As the much-awaited Bhoomi Puja takes place tomorrow at Ayodhya, an essay commemorating the outstanding contribution made by the fine scholar and historian Sita Ram Goel to Hindu civilisational resurgence
One of the greatest rewards in life is to undergo humbling experiences. They teach the invaluable lesson of modesty, patience, and patient modesty lest our half-grown Inner Flower bloom a crooked smile prematurely without acquiring the tempered confidence that culminates by itself into a full blossomed beam of serenity.
It is said that a hallmark of second-rate and mediocre writing is to imbue it with anecdotes from one’s own life, but in this specific case, I don’t mind being guilty of the crime. Quite some time ago, I met a nondescript elderly gentleman at a public gathering. When I was introduced to him later, it resulted in the aforementioned humbling experience. He was a man of sparse words. But what I later heard about him is something I will treasure forever. He was an unassuming farmer and one of the things that he did almost like a sacred duty was to buy the books of the late Sita Ram Goel, Ram Swarup and in general, Voice of India publications, and gift them to random people. He also bought and gifted books written by people who trod in the path Sita Ram Goel had pioneered, and actively made an effort to meet such people.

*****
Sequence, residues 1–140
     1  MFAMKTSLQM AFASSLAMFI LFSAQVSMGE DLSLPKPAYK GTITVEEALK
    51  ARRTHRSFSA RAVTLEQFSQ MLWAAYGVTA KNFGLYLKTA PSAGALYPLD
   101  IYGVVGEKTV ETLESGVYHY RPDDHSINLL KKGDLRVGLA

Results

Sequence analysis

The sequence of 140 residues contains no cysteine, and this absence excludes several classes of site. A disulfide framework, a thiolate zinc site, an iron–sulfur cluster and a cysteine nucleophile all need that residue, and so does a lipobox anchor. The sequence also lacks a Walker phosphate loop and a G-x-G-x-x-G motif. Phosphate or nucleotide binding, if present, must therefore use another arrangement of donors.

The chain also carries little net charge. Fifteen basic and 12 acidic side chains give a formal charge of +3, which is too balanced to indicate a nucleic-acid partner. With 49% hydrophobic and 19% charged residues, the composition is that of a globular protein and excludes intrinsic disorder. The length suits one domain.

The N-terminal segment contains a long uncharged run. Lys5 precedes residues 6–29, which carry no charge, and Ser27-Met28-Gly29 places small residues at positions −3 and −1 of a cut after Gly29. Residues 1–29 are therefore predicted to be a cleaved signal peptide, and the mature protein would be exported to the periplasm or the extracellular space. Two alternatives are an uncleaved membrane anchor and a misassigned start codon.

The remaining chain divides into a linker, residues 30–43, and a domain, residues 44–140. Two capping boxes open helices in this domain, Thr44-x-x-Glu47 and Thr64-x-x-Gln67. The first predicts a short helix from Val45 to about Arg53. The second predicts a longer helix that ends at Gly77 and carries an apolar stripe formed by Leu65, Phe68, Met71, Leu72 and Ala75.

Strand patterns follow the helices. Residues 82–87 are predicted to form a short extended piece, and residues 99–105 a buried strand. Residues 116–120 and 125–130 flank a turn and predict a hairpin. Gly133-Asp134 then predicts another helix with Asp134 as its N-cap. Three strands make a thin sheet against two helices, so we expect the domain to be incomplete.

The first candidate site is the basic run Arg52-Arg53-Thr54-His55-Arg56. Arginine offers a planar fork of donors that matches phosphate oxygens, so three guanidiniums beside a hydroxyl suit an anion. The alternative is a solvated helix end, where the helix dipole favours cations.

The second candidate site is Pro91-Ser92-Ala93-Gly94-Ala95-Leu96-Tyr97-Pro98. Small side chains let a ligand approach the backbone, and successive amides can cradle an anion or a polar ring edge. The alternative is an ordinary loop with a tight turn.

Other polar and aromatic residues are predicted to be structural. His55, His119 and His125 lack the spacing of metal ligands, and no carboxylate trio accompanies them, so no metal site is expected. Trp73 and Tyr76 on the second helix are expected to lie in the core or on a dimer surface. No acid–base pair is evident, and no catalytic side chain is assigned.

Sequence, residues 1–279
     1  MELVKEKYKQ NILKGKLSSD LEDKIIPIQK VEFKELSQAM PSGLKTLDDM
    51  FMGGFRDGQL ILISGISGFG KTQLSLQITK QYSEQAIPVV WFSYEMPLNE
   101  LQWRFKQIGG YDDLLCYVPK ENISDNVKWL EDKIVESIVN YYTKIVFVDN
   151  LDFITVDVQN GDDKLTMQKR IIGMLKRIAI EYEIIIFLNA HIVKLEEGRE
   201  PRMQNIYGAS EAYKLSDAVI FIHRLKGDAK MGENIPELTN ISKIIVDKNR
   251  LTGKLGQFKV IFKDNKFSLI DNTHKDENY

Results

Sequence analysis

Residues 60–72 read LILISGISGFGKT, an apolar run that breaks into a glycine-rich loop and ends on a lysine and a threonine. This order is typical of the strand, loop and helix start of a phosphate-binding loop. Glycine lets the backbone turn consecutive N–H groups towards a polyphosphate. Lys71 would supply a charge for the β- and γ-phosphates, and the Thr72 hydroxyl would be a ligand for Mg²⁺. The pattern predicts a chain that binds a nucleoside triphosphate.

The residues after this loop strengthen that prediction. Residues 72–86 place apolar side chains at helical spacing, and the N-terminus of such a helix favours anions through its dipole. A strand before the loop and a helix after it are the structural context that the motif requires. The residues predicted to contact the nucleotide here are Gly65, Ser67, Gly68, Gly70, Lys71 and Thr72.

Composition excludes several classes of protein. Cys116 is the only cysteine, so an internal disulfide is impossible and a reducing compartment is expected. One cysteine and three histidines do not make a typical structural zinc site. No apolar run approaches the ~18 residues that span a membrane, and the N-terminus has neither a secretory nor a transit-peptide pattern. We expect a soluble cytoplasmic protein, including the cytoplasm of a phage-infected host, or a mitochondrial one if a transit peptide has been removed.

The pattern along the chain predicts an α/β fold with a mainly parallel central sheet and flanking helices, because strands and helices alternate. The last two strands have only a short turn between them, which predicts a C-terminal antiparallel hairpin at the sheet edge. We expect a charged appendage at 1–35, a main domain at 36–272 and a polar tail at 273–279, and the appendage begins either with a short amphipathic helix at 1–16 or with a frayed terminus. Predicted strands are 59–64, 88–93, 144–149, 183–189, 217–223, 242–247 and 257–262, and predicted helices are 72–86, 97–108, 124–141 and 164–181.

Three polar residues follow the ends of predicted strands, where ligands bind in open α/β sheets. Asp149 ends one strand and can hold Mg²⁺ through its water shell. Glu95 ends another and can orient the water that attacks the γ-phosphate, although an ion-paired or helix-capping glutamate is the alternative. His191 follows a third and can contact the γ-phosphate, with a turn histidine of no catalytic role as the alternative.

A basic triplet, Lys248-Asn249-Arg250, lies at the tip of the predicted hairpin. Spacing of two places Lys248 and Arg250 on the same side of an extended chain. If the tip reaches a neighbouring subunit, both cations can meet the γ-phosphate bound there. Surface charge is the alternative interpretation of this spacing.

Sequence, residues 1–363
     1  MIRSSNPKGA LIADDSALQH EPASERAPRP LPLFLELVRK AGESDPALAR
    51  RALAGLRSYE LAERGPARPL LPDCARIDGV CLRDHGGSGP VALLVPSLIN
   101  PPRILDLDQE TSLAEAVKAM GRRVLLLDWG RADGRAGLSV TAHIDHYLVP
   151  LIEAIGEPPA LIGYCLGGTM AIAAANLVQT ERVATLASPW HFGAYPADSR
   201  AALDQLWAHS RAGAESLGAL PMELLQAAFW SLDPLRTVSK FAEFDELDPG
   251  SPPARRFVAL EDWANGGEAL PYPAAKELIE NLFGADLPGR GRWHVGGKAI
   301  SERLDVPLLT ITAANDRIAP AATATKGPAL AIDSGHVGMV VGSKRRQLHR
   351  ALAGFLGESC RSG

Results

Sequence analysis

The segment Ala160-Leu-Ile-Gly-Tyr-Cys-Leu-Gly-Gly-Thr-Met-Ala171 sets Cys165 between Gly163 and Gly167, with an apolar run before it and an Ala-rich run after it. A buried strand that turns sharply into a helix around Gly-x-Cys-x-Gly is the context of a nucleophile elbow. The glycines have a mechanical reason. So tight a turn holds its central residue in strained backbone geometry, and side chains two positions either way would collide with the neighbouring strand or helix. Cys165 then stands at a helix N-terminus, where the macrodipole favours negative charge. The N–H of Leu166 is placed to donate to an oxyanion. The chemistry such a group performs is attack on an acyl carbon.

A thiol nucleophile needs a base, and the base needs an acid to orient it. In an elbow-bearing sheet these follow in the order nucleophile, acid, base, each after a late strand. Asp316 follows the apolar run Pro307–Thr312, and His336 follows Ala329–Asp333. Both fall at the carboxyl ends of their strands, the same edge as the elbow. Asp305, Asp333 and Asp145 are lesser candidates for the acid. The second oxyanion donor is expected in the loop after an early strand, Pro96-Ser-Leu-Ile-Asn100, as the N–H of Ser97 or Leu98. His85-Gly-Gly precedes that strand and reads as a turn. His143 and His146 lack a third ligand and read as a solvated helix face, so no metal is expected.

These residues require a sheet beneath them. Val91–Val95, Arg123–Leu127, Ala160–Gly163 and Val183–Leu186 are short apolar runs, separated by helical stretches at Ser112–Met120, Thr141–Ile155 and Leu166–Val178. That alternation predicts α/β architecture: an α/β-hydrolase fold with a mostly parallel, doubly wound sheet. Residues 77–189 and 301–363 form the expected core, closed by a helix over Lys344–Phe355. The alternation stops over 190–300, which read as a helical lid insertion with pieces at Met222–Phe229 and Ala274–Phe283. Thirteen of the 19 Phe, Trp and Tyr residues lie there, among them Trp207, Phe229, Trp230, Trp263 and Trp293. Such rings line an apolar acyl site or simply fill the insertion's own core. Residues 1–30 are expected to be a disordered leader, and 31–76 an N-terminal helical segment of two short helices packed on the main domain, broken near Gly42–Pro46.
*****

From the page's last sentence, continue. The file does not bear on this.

Apart from the substantial, trailblazing body of Sanatana civilisational work, this endures as one of the greatest legacies of Sita Ram Goel: that there are still scores of folks like this sublime farmer working quietly in their unique ways, caring not for fame or fortune or even an acknowledgement from the world that they exist. To borrow the words of Sri Sureshvaracharya, such souls embody the noble sentiment of na khyati laabha pujartham—no desire for renown, profit or adulation.
Sita Ram Goel was the real deal.
His writing, uniformly, consistently, still remains the primordial Farmer’s Call that the Sanatana culture has perhaps irreversibly lost:
Rise, rise early to the rhythm of the Sun
Your plough is your food and your weapon,
Water the brown earth, cultivate consciously
For nothing grows on untilled land but weeds,